August 2006

Opportunities and challenges of fly-in–fly-out camps for women

An exploratory study

By S. D. Costa, A. C. Silva, and V. Hui

Evolution in mining and transportation technologies and changes in town development standards have resulted in the apparent rejection of the concept of the “mining town” in favour of the fly-in–flyout (FIFO) system in the Canadian mining industry (Shrimpton and Storey, 1989; Heiler et al., 2003). Fly-in–fly-out, also referred to as flyin, long distance commuting, or commuter mines, has become the dominant approach to new mine developments, particularly in Australia and Canada (Costa, 2004). Common rosters adopted in Canadian FIFO mines are four-days-in–three-days-out (4/3 roster) and the two-weeks-in–two-weeks-out roster (2/2 roster). Shifts are usually 12 hours long.

Although FIFO plays an important role in fulfilling the economic, social, and workforce needs of the contemporary mining industry, extended absence from home can be challenging for both male and female employees. Research in the mining and oil and gas industries reveals that major sources of stress for fly-in–fly-out mining employees are the times of parting and of reunion, defining roles within the family, parenting, and conflict between spouses over the use of leave time and money (Shrimpton and Storey, 1986; 1991).

But is the nature of the FIFO model threatening the place women have attained in the mining workforce? How are women in the industry coping with FIFO schedules and consequent intermittent relationships with families/partners? How is the industry adapting to recruit and retain female employees in FIFO operations? This article briefly discusses an exploratory study that provides some initial insights that help us answer these questions, and concludes with initial recommendations for industry and for future research.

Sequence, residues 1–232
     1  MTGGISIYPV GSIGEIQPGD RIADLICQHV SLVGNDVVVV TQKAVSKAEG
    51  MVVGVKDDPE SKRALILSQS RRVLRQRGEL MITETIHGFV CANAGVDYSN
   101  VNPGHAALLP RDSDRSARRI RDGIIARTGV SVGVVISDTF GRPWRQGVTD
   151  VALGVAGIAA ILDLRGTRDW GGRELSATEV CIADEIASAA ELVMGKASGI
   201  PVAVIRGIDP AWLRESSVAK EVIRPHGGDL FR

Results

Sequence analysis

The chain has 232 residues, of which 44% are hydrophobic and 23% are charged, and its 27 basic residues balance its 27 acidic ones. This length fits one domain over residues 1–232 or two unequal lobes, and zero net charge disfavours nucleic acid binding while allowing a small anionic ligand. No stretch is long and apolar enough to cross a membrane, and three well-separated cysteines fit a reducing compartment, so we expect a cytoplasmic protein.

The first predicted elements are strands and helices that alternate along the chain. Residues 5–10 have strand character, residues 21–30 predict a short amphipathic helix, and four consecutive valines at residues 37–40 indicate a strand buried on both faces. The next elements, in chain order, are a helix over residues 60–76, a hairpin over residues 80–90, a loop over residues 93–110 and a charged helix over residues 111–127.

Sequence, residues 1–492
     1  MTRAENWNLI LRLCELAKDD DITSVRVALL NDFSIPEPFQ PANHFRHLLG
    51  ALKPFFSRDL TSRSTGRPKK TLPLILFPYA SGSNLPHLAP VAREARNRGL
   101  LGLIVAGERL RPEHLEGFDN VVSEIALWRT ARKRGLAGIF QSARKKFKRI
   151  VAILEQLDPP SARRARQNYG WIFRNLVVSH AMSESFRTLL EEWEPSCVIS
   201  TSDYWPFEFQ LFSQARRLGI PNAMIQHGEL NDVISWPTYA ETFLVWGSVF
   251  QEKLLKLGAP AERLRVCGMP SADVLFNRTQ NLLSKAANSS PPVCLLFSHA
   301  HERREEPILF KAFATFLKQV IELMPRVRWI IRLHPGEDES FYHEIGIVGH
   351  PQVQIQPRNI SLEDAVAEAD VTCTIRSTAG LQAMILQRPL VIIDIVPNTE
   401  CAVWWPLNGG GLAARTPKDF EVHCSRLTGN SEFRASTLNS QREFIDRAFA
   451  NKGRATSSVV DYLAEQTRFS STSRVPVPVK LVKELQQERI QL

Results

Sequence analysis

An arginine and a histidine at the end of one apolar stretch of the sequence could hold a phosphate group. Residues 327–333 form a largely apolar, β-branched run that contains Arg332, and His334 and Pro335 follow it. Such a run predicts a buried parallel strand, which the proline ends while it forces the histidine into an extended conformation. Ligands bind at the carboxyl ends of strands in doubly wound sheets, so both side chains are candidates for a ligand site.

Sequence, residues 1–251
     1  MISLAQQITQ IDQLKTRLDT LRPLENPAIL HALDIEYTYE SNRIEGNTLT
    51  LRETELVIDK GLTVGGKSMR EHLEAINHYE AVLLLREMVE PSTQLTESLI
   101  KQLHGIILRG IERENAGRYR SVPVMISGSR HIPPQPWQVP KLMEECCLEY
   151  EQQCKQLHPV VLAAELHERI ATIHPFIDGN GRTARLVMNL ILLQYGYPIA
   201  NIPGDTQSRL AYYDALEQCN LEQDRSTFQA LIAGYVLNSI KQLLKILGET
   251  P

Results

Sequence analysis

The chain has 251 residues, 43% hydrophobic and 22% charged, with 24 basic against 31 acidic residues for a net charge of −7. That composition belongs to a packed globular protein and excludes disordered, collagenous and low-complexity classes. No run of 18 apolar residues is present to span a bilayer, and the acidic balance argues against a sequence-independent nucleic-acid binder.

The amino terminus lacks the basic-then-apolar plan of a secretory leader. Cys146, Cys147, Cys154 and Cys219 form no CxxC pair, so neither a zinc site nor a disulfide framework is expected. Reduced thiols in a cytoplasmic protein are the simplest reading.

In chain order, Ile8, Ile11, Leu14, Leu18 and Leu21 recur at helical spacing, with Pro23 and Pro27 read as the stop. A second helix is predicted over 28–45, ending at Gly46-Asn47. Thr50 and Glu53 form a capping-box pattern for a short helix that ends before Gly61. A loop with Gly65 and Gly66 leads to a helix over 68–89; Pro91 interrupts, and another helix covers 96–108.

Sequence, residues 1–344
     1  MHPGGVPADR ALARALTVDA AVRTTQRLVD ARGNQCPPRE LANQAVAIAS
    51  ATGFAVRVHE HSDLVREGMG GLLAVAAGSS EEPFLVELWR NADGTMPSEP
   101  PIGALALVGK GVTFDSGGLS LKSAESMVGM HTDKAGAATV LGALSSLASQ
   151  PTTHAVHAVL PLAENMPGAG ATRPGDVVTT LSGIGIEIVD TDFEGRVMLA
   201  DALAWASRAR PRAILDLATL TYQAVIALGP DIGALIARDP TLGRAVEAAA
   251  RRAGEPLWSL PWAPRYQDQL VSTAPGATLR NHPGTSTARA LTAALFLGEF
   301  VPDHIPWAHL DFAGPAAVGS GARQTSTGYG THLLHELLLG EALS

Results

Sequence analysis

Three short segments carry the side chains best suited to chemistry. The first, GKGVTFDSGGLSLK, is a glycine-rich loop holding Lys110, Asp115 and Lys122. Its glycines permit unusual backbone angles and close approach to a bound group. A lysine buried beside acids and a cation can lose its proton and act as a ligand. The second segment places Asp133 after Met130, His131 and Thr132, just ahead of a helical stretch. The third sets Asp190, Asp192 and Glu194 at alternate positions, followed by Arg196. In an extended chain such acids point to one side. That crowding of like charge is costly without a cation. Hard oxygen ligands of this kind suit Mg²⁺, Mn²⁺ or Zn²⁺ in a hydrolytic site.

Why is it important to hire and retain women in the mining workforce?

Although the number of women in the mining workforce has increased in the last few years, women continue to be under-represented, at 13.1 per cent of the workforce, which is substantially lower than the national average of 46.9 per cent (2003 figures)(MITAC, 2005).The average percentage of women in the FIFO mines that participated in this study was even lower, at about 10 per cent.

Diversity in the workplace brings clear, tangible, and measurable advantages to organizations (Pattenden, 2002). Diversity management strongly correlates with higher morale, improved public image, improved productivity, and more creative problem-solving (AusIMM, 2004). An Equal Employment Opportunity (US) Commission study indicates that effective diversity management strategies significantly impact positively on a corporation’s profitability (Gilbert and Stead, 1999). Moreover, diversity can enhance innovation because it brings together a variety of perspectives and problem-solving skills.This is important for the mining industry, particularly in areas where innovation is essential, such as in mineral exploration and research and development (Pattenden, 2002).

We would also argue that by failing to hire and to retain female employees, the mining industry is losing talent and corporate knowledge, and failing to benefit from a larger pool of non-technical and teamwork skills and emotional intelligence.

Study strategy and population

This study included telephone interviews and questionnaires. We contacted the human resources (HR) superintendents of five operating FIFO mines.We asked them for an interview and to distribute the invitation to participate to women working or who had worked in their operations. During a period of two months, we were able to interview three HR superintendents and 16 women who are currently working or who worked in FIFO mines.

In the group of women interviewed, 31.5 per cent were engineers/geologists, 12.5 per cent were in health/wellness-related positions, 12.5 per cent were in trades, and 43.75 per cent were in administrative/ financial positions. The average age was 33. Most of them were single (56 per cent), and 12.5 per cent had children. Half of the women interviewed were in a 2/2 roster.The other half was in a 4/3 roster or a combination of different rosters.

The HR superintendents and female employees’ opinions, our conclusions, and recommendations are discussed in the next sections.

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